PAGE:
Oxford greyhound stadium homes plan set for refusal

Oxford Stadium
Image caption Oxford stadium was one of a number of greyhound tracks closed across the UK in recent years

Plans to demolish Oxford greyhound stadium and build 220 homes would cause "severe harm" to the community, a council report has concluded.

The track shut down in 2012 after owners Greyhound Racing Association said it was no longer viable.

A planning proposal went in to demolish all existing buildings, some of which housed community groups.

But the application, to be decided by councillors on Wednesday, has been recommended for refusal.

It lists a number of reasons, including the scheme's 35% affordable housing provision being too low and poor home design.

The report stated: "The proposed demolition would result in the loss of a community facility and heritage asset of local significance that provided a range of much-loved pastimes and that is capable of continuing to provide those pastimes again.


"[This] would result in severe harm to the wellbeing, community cohesion, social interaction and social inclusion of the wider Oxford community. The application is not acceptable and refusal is recommended."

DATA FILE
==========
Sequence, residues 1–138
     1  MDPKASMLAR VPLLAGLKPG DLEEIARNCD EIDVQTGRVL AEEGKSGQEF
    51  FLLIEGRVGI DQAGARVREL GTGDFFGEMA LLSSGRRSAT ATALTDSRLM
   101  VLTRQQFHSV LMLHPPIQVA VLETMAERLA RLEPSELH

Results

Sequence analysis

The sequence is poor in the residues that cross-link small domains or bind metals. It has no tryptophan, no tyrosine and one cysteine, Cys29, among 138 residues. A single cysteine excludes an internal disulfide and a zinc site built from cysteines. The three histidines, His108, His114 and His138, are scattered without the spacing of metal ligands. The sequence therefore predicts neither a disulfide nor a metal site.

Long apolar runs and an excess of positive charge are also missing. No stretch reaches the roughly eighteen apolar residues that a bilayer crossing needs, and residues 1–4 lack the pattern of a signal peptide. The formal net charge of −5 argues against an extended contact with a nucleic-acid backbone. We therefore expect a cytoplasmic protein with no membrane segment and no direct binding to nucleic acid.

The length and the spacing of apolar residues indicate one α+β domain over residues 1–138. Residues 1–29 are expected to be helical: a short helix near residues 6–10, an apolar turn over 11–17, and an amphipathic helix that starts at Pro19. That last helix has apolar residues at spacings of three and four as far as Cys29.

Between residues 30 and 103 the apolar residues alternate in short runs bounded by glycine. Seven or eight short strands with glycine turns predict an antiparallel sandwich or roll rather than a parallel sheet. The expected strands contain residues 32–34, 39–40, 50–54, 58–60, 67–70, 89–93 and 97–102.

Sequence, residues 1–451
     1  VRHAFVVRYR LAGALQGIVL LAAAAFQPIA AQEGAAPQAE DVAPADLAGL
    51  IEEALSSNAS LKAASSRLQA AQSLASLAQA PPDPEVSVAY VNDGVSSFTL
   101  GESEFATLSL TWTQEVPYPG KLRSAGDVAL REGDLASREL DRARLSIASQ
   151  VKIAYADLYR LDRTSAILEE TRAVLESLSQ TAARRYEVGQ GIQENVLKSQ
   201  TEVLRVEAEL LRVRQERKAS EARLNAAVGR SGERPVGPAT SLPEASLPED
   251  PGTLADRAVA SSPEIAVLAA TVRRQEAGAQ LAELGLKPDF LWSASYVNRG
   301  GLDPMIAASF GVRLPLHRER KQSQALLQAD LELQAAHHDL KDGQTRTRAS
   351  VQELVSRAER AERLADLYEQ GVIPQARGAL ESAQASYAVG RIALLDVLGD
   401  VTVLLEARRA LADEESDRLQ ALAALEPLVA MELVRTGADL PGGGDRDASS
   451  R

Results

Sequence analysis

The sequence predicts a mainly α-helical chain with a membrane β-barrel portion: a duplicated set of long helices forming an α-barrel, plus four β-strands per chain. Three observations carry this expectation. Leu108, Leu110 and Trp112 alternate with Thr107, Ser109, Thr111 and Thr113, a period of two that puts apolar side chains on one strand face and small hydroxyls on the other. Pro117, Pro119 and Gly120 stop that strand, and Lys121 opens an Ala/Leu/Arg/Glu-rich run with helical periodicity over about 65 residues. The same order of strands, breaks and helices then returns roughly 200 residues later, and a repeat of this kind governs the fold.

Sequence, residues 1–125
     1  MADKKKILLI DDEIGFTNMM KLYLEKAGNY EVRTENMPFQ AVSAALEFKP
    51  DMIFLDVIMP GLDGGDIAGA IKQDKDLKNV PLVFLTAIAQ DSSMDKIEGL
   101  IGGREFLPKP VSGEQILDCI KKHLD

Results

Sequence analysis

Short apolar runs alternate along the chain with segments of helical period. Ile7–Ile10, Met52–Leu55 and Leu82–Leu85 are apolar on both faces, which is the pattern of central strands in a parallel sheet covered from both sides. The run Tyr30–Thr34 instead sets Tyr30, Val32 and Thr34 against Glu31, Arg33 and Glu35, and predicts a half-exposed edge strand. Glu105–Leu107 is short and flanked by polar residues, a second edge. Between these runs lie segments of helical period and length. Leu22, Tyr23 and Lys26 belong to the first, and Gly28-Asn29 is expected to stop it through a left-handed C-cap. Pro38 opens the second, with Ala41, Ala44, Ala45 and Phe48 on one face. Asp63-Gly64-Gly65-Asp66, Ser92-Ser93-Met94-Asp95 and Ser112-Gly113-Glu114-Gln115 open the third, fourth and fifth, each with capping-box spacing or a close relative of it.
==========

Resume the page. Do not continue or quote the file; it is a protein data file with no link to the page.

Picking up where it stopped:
The homes would ease the city's housing demands but they are not required to meet Oxford's five-year and 10-year targets, the report added.

Gavin Beckley, of campaign group Save Our Stadium, said the plan was "unworkable" and feared a planning "impasse" if it was refused.

"[The report] sends a very clear message but I don't think it will change their mind.

"The stadium still stands, it would take some capital investment... but you could get it up and running again."

The BBC has asked Greyhound Racing Association and developers Galliard Homes to comment.

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